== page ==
Stevens-Johnson syndrome is a rare, serious skin disorder that affects the mucous membranes and causes painful blistering and peeling. These blisters can even form inside of the body, making it difficult to eat, swallow, or even pee. It is usually a reaction to a particular medication or an infection. So imagine trying to complete as a professional golfer with this disease! Gene Sauers did. In fact, the PGA Tour golfer overcame the disease to come back to win the 2016 U.S. Senior Open. For this amazing accomplishment, the PGA Tour recently honored Sauers with the PGA TOUR Courage Award.
The PGA TOUR Courage Award is presented to a player who, through courage and perseverance, has overcome extraordinary adversity, such as personal tragedy or debilitating injury or illness (I’d say Stevens-Johnson definitely qualifies!), to make a significant and meaningful contribution to the game of golf. Sauers is the third-ever recipient of the Courage Award, joining Erik Compton and Jarrod Lyle, who received the award in 2013 and 2015, respectively.
“Gene’s determination in defeating Stevens-Johnson syndrome and resuming a successful PGA TOUR Champions career serves as inspiration for anyone suffering with a life-threatening condition,” said Monahan. “It required tremendous fortitude for him to overcome nearly insurmountable odds, and we are thrilled to present him with the 2017 PGA TOUR Courage Award.”
The Courage Award includes a $25,000 charitable contribution to be distributed to a charity of the award recipient’s choice; this year’s contribution will be given to Massachusetts Eye and Ear Infirmary, a non-profit international center for treatment and research and a teaching hospital of Harvard Medical School. Clinician scientists at the Infirmary conduct research that aims to improve diagnostic tests, treatment options, and prevention strategies for patients with Stevens-Johnson Syndrome.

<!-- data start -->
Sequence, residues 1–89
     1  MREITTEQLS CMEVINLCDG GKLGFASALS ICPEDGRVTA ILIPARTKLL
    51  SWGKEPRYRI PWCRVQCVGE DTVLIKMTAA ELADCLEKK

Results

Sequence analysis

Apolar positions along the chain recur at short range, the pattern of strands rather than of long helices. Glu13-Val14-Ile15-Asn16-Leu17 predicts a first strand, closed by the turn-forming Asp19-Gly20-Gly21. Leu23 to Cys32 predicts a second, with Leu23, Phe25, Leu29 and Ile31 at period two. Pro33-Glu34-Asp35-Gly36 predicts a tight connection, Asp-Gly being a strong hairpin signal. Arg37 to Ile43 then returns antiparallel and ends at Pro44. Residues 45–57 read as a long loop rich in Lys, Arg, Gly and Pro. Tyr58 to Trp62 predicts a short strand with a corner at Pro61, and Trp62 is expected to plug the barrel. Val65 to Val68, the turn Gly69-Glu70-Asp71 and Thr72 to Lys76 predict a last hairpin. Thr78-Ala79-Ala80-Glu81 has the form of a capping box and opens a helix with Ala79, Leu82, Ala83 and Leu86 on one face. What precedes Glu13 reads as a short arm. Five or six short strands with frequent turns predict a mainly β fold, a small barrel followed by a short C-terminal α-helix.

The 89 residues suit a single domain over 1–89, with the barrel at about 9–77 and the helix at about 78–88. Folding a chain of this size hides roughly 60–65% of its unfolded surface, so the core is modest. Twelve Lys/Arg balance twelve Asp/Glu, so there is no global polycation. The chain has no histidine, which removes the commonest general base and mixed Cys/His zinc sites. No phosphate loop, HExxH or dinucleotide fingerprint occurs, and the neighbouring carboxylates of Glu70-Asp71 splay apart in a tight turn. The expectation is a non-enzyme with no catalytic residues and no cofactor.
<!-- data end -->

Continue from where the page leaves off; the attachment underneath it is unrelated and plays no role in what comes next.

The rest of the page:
“It’s truly an honor to receive the Courage Award, and it is my hope it sheds a positive light on the tremendous work being done by doctors and researchers around the country to find a cure for this debilitating disease,” said Sauers. “Through perseverance and determination, I was able to overcome Stevens-Johnson Syndrome and return to competition, and I cannot thank my family, friends and fellow PGA TOUR players enough for their tireless support along the way.”
Sauers took a seven-year hiatus from competition when a misdiagnosis of rheumatoid arthritis turned out to be Stevens-Johnson syndrome, a rare and painful skin condition. His condition quickly deteriorated when clogged blood vessels in his arms and legs caused his skin to burn from the inside out, which left him with just a 25-percent chance of survival.
After undergoing several skin grafts, which are still evident on his forearms, Sauers returned to competition in 2011 and 2012, playing a limited Web.com Tour schedule before turning 50 in August 2012. Since then, Sauers has earned more than $4.7 million on PGA TOUR Champions while accumulating 28 top-10 finishes, including six runner-up efforts.